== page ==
Fourth Amendment Blog on Strip Searches

Courts, it seems, are obsessed with strip searches.  In the conservative Fifth Circuit, misdemeanor arrestees may not be strip searched without reasonable suspicion.  (More here.)

This is a weird issue for me.  I understand the "inherent dignity" of mankind arguments.  Yet I showered in a locker room since Junior High.  What's the big deal about someone strip searching you?

During Basic Training, I was strip searched for contraband.  Most of the guys there (all-male Basic Training) were high school athletes.  None of us thought it bizarre.

Wins for the Fourth Amendment are so rare, that I shouldn't take a contrarian view.  Take your wins where you can.

Probably the answer is in culture.  If a woman takes her top off in public, people freak.  People in the United States are uncomfortable with a woman breast feeding.  Thus, there's something "special" about being naked.

Intellectually, I see the point.  I don't agree with the arguments, however.

Third Circuit Uphold Strip Search Policy

Shannon P. Duffy, writing for The Legal Intelligencer, has a story that begins:

For decades, it was well settled in federal law that jails cannot employ a blanket strip-search policy that includes even those arrested on minor offenses whose behavior would not trigger any reasonable suspicion of the need for such an intrusive search.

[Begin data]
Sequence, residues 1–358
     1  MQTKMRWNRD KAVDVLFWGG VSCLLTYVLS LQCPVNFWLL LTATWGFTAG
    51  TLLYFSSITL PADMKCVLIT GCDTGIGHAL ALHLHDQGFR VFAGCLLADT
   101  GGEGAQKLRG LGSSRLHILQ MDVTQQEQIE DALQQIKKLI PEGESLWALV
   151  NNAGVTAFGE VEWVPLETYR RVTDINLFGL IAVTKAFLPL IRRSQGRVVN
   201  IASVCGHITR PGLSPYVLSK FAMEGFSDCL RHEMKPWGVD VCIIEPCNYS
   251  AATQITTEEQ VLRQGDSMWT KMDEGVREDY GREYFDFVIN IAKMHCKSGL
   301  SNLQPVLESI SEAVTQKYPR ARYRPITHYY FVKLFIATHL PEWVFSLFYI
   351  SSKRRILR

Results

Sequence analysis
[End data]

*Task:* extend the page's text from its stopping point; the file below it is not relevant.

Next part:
Those days are over.
The pendulum is now swinging in the other direction and the law is very much in flux as illustrated by Tuesday's decision from the 3rd U.S. Circuit Court of Appeals that upheld blanket strip-search policies in two New Jersey counties.
You may read the rest here.  Our prior posts on strip searches are available here.

PLRA Legal Fees

Brother, can you spare a dollar-fifty?

Mootness and Prevailing Parties

The Legal Intelligencer has this report:

In Singer Management Consultants Inc. v. Milgram, the 3rd U.S. Circuit Court of Appeals has granted en banc rehearing before a 16-judge court to decide on the proper test for determining when a plaintiff is entitled to attorney fees as the "prevailing party."
The vote to rehear the case en banc was a swift one, and it vacates an Aug. 5 decision that said plaintiffs may be entitled to fees even when a case is declared moot if the presiding judge played a role in persuading government officials to change their legal positions.
A dissenting judge, however, said he believes that a plaintiff never enjoys the status of prevailing party unless he emerges from court with an enforceable order. Apparently that dissenting view has now swayed a majority of the court's judges to vote for rehearing.
You may read the rest of the story here.  Our prior discussion of this horrible doctrine is here.